An Old Purse–A New Me!

My sister Jennifer has the gift of organization. She can simplify and beautify anything. Not me. Take our purses, for example. Last week, we went to lunch. I was driving.

“Will you hand me my sunglasses? They’re in my purse.” I cringed.

So much junk, it wouldn’t close. Ahhhhhhh!

“Where are they?” she said.

“They’re there somewhere. Just keep looking.”

My purse was totally out of control. I hated digging through it for my  YMCA pass, my lipstick, a pen–ANYTHING! 

Jennifer dumped out my bulging makeup bag, an empty pack of chewing gum, and a handful of wadded receipts. Her gray leather envelope of a purse lay neatly at her feet.

“How do you get by with such a small purse?”

“Simple. I only carry what I need.”

This idea intrigued me — freeing myself up to only carry what I needed. My shoulders wouldn’t get tired. I wouldn’t get annoyed trying to find my wallet. 

And the word SIMPLE. 

My word for the year. 

Jen said “simple.” 

Perhaps this went deeper than my purse. 

Sometimes I carry thoughts that clutter my peace. I can be too sensitive. Someone says something that hurts my feelings and I hang on to it. 

But could I possibly change? I’d had a messy purse forever. Could I toss unnecessary stuff? And thoughts too?

Maybe a small purse would help me remember to keep life simple.

 I  found a tiny one in the back of my closet.

And said goodbye to my old heavy, burdensome bag.

I got rid of all manner of clutter–cuticle oil, Band-aids, a broken nail file,

And decided to keep only useful things, 

And useful thoughts.

I even found a nifty spot for my YMCA pass. 🙂

The new me! 🙂

With God’s help, daily, I’m being made new!

This song sums it up beautifully, especially the “lay down your burdens” part. If you can’t see the video below, click here.

Do you have a neat purse? I bet so!

Are there any heavy thoughts dragging you down? Lay down your burdens! Let’s get freed up together! 

Love,

Julie

 

 

 

Remembering the Good Stuff–Only the Good Stuff

Saturday night, my sister Jennifer celebrated her 50th birthday. After dinner she said, “As I reflected on turning 50, I realized I didn’t want a big blowout party. I guess there’s something about aging that makes you grateful for your family, your health, your marriage, your children, and your dearest friends.”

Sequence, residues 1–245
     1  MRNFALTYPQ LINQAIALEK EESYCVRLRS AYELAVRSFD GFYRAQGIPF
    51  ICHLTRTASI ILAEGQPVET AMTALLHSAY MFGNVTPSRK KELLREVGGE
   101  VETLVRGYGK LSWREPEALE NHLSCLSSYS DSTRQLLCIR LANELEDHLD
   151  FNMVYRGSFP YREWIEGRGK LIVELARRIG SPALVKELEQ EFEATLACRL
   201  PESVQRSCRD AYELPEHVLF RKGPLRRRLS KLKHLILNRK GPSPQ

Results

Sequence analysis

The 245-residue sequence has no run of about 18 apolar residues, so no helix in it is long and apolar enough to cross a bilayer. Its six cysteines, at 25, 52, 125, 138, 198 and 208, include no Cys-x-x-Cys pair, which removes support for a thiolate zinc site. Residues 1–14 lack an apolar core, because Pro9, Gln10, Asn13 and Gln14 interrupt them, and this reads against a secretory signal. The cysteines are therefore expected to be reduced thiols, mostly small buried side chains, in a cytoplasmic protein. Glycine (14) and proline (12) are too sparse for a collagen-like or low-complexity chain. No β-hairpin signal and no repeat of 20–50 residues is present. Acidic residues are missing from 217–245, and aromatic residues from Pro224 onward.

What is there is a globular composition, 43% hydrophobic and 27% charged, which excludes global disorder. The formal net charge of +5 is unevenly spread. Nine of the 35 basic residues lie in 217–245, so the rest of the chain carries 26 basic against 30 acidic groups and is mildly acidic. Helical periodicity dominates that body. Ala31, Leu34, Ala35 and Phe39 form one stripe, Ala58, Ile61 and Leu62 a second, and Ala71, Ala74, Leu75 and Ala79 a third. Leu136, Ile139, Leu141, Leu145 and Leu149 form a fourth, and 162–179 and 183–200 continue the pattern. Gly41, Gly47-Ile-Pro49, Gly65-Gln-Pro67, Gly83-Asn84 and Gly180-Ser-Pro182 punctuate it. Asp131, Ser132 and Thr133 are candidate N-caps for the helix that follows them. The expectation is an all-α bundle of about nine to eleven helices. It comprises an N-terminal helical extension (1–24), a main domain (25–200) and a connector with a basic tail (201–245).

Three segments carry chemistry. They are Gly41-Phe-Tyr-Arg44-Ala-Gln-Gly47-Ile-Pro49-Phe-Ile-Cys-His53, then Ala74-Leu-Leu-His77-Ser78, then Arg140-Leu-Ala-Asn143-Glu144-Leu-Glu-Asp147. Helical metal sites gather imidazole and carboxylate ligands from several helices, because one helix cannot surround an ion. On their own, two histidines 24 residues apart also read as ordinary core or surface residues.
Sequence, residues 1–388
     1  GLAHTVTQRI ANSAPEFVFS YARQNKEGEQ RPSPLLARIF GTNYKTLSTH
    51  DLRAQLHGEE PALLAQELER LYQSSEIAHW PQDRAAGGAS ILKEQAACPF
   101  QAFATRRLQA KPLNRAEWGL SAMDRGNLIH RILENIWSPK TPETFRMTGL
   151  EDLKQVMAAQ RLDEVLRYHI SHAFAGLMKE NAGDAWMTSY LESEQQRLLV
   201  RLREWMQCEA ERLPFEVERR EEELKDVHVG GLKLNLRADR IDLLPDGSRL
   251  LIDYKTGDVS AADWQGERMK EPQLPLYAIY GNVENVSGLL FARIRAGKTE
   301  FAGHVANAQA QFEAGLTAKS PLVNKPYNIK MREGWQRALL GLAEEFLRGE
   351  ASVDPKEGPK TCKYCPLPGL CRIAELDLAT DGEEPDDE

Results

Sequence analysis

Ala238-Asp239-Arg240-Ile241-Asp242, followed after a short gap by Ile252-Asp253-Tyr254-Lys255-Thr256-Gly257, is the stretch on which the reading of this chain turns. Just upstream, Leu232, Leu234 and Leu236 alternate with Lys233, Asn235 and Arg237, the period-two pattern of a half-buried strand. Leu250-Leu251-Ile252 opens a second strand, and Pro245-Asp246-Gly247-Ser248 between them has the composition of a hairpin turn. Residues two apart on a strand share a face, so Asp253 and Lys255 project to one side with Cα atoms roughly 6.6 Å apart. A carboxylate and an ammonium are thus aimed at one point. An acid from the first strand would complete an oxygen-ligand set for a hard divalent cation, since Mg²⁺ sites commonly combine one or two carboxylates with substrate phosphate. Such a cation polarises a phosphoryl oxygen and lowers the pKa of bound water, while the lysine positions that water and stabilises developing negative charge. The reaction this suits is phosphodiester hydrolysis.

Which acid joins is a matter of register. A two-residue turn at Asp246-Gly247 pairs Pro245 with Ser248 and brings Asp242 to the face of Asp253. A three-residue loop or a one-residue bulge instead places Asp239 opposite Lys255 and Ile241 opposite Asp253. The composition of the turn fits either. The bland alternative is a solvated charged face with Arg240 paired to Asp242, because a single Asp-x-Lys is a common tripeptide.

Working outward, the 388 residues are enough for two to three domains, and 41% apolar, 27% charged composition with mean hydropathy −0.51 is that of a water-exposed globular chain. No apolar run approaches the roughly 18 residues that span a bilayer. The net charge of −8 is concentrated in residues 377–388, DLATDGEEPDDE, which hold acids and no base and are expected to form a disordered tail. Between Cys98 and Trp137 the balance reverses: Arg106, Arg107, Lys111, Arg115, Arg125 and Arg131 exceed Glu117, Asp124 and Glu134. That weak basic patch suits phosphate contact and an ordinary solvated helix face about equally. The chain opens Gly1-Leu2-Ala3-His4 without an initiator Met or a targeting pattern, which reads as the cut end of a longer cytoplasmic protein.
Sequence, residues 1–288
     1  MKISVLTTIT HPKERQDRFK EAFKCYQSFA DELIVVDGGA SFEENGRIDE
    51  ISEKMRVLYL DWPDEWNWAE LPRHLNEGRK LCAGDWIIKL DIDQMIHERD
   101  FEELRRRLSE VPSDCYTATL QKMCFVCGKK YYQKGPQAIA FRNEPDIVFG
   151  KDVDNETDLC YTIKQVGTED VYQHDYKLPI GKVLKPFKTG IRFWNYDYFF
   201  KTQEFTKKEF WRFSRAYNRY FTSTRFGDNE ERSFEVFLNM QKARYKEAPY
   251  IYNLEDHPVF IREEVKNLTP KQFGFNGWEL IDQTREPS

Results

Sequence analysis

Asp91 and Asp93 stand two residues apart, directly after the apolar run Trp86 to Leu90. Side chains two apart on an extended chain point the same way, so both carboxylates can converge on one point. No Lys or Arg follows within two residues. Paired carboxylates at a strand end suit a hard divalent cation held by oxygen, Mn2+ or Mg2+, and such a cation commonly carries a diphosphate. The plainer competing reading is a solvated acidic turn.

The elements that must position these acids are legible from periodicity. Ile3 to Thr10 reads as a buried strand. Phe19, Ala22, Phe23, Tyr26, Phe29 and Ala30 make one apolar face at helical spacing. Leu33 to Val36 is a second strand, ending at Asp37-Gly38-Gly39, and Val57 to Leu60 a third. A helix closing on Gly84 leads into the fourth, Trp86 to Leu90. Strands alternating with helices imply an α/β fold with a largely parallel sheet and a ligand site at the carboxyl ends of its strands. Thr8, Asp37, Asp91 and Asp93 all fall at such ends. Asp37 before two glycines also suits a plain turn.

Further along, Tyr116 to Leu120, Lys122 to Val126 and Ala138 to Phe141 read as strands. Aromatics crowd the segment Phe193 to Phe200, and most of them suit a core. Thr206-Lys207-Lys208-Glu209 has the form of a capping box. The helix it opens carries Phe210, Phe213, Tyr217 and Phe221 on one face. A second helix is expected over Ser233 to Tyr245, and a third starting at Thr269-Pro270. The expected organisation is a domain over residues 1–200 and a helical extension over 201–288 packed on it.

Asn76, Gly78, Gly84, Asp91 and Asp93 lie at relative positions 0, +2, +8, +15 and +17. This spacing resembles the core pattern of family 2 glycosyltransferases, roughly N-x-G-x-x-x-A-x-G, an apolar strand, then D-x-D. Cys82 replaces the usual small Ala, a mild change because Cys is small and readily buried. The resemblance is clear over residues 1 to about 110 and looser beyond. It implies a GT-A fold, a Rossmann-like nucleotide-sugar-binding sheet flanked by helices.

Uh-oh. My heart pounded triple time. She planned to say something about each of us. I was the bossy older sister. The tattle-tale. I organized neighborhood plays and always got to be the director.

One night in the tub, I convinced Jennifer to take a bite of Dial soap. I told her everybody ate soap.

I told her if she’d put her Popsicles in my mouth, they wouldn’t melt so fast because my mouth was just like a refrigerator.

I told her to never say the words VENETIAN BLINDS. 

VENETIAN BLINDS  means something dark and scary, and you’re way too young to understand.” Bless her heart. She believed me.

Would she remember all the ugly stuff I’d done? Would she tell everybody at the party?

Flash back to 1968. Mother’s folding diapers. Jen’s twirling her hair. I’m smiling at the camera with my hands on my hips, probably telling Jen to behave and smile too.

Okay, back to Saturday night, Jen’s words…

“As my sister, Julie, you truly know me better than anyone, next to Charlie, Libby, and the Lord! It’s hard to put into words the gratitude I feel for you.” (Charlie’s her hubby. Libby’s their daughter.)

Gratitude? Did she say gratitude?

“From the time I was a little girl to now, I’ve looked up to you and admired you. We had such fun as sisters.”

Me? Fun?

We were both crying, but somehow she continued.

“Playing in the sprinkler in matching bathing suits, groove-ins on Nancy Clutter’s porch, cereal and cartoons on Saturdays, me, jumping in your bed with you at night because I’d heard something and was terrified. You let me put my cold feet on your warm ones. You’ve always been there for me. I know I can confide in you.”

Oh, wow. She only remembers the good stuff.

How can it be? She’s let go of all the mean things I did to her.

(Jen, me, and Mother–44 years later–the night of the party!)

Staring at her 1960’s groovy cake, I thought…

What if I could live like Jennifer?

What if I “kept no record of wrongs?”  1 Corinthians 13:5

And dwelled only on the good stuff.

Help me, Lord.

Love,

Julie~ Was anyone else a bossy child?